Tracey Broome spent years designing theater sets and props. It is perhaps only fitting that her current work incorporates broken bits of stories and tales, scripted in a pallet of calm and serenity, capturing time and nostalgia while conveying a fragmented monolog of characters long forgotten
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Tracey Broome at MudFire
Tracey Broome Artist Bio
I studied Interior Design in college, got a degree and spent the next twenty years working happily as a showroom designer for the furniture market in High Point, NC. I traveled all over the country setting up galleries for retail furniture stores and showrooms for markets in High Point, Atlanta, Dallas and San Francisco. The furniture industry moved to China, I moved to Charlotte NC and got a job with the Charlotte Repertory Theater designing sets and props. I also started taking pottery classes at a local community studio and fell in love with clay. In 2005, my husband got a job with the Associated Press as a photographer and we moved to Chapel Hill. I continued taking classes, and worked as a studio assistant at local studios in exchange for studio and kiln time. A couple of years ago, I made two of my house forms for a show in Raleigh titled The North Carolina Landscape. My work sold and I entered two barns in a show at The Bascom in Highlands, NC. Both of those sold and people started asking for them. In 2011, I had my first solo show at the NC Crafts Gallery in Carrboro NC, I was accepted into the Chatham Artists Guild and the Carolina Designer Craftsmen Guild. The Raleigh News and Observer did a feature on my houses/barns and I am now making them every day, five days a week to keep up with demand! I have a beautiful daughter in college at UNC School of the Arts film school, with a concentration in screenwriting and my husband is still traveling all over as a photographer for the Associated Press. We live in Chapel Hill NC, with a studio and gas kiln in the back yard. I have a good life!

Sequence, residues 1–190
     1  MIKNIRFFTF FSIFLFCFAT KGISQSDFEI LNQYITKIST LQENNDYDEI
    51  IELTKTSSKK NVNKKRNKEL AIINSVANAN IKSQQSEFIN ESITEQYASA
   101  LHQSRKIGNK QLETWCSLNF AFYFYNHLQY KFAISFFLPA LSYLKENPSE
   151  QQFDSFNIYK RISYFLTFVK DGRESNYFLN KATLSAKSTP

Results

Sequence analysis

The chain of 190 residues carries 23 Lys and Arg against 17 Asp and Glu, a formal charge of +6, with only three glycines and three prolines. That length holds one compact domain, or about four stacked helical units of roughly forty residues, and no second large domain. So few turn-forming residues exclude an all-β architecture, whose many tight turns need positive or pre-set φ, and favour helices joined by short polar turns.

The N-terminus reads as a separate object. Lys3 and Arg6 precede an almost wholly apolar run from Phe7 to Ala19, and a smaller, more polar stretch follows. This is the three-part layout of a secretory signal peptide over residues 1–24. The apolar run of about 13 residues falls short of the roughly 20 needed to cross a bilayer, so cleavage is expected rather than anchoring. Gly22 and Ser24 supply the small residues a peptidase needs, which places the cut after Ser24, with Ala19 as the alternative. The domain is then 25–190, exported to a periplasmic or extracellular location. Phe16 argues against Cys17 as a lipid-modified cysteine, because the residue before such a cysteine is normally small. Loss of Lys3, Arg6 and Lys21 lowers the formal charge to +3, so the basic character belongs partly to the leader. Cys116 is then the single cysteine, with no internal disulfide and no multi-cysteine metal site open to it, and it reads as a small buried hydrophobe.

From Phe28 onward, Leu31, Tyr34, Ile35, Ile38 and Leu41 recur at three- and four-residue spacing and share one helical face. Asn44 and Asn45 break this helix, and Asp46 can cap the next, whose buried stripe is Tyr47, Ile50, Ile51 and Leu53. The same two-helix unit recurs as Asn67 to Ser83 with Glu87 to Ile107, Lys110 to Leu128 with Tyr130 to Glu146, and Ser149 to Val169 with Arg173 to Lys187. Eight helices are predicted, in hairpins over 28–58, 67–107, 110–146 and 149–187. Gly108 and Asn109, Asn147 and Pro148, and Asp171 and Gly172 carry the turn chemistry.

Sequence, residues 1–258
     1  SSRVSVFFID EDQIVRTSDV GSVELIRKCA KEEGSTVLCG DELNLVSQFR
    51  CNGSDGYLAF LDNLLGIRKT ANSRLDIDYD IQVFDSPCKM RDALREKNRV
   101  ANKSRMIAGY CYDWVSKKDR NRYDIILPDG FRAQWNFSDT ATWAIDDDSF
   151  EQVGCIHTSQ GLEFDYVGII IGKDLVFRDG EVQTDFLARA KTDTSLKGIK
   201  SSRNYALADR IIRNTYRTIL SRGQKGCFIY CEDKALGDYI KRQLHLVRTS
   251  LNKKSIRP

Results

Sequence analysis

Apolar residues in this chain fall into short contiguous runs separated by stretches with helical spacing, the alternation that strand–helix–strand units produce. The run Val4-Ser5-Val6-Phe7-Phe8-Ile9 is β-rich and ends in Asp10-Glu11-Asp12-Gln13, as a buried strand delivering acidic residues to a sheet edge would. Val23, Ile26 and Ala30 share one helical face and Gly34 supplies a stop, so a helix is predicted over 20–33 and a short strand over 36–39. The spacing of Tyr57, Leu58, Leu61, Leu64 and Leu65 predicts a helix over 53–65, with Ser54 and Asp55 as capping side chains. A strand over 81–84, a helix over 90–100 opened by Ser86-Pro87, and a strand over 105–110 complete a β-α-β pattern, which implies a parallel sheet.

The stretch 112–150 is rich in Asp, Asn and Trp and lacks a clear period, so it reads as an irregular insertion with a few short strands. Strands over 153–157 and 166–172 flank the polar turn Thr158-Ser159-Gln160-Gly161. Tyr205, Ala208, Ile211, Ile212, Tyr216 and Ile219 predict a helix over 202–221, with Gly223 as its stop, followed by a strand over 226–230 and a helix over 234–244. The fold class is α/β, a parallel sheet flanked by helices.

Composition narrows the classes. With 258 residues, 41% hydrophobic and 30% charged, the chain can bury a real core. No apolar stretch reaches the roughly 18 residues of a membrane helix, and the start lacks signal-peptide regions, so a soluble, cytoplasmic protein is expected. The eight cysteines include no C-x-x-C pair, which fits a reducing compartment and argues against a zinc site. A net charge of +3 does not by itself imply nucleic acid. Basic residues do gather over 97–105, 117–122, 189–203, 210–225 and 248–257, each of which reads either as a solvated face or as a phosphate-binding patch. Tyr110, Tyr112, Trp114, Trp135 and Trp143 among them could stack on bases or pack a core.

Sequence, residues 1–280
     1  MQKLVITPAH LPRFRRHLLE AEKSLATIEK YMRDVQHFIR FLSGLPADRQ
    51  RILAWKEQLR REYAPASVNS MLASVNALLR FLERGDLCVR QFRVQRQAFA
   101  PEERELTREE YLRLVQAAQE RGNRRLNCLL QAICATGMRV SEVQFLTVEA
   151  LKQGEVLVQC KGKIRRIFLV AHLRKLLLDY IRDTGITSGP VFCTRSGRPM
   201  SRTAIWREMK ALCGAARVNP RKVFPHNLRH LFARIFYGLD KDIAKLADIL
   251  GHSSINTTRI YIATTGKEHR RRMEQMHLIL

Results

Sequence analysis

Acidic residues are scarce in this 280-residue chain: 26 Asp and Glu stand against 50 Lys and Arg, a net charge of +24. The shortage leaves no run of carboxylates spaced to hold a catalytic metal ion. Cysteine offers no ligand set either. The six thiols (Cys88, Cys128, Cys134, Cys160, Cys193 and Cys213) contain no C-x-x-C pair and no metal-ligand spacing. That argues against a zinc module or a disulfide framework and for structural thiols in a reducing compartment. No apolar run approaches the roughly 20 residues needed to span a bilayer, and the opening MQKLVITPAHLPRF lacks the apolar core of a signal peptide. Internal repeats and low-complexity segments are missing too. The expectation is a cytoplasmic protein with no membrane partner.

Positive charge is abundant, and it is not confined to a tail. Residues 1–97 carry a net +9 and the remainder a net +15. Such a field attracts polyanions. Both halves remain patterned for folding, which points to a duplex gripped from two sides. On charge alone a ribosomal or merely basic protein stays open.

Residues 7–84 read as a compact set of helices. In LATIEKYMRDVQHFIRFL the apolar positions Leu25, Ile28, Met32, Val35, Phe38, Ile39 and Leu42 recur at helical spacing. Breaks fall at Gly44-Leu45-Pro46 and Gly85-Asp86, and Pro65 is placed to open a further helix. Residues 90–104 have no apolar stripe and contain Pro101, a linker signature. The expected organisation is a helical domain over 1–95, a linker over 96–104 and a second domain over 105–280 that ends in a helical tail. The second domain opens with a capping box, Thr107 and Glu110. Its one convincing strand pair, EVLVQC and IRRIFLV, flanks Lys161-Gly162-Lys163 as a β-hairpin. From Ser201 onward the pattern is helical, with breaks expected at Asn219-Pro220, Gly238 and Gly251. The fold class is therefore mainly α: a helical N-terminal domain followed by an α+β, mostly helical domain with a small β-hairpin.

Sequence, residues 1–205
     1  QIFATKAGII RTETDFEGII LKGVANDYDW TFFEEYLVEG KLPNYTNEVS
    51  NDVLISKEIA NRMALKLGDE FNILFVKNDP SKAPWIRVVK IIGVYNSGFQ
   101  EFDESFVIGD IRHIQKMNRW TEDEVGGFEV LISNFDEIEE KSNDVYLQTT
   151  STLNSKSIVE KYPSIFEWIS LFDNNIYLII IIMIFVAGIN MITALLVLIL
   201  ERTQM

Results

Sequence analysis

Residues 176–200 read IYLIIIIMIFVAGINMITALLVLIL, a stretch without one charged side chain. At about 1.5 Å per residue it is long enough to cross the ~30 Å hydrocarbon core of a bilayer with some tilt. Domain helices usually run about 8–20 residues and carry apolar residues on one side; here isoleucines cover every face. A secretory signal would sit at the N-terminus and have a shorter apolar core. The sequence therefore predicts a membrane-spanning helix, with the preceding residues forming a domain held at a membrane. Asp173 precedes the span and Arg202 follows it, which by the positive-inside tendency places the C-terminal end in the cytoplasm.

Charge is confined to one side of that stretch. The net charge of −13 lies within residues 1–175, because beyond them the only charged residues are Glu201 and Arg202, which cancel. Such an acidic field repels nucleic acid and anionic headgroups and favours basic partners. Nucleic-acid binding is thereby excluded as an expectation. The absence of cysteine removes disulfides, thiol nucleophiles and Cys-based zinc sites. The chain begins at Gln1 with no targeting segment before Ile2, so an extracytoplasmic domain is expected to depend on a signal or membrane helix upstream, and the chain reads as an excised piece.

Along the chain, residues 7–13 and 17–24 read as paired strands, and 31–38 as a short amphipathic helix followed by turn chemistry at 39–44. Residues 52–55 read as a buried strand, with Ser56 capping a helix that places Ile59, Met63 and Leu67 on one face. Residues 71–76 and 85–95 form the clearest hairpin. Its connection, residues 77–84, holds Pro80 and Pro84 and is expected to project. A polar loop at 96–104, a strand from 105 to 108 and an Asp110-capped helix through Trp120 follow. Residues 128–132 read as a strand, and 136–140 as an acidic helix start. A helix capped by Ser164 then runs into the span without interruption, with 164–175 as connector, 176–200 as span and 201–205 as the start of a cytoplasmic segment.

Tracey Broome Artist Statement
My work as a clay artist is like keeping a personal journal. I work with clay because it is a way to re-create the things I see, things I love from my childhood, from my travels, from my ancestors. I use clay to convey my view of the world as I experience it. I want the viewer to connect with my art through his or her own personal experiences and memories. I hope that my work offers a chance for your mind to simply be, to experience something from within, a moment of contemplation.
I have chosen to work with clay because it allows me to record my experiences in a beautiful and lasting way. I primarily use terra sigilata and raku firing for my surface treatment because it has a painterly and tactile quality that I like and cannot achieve with more functional pottery glazes. I find that beauty and simplicity are a common thread in my work.
My current body of work is a record of fragments of thoughts, feelings and memories of my life. The colors evoke a sense of calm and serenity, the shapes and forms I love for their simplicity. These pieces tell a story, they offer rest for the eye and for the spirit. I try to capture in clay the things I feel and see in order to capture their power and their beauty, so that I can relive those images in my memory when they are no longer there. For me, creating art is as necessary as eating and breathing. It is a way for me to express things that I could never convey verbally. It is the energy of a moment in my life that I have experienced and wish to share in a visual way with others. It is a recording of my past and present life. I tell of my experiences through my art, not with written word, but with images in clay.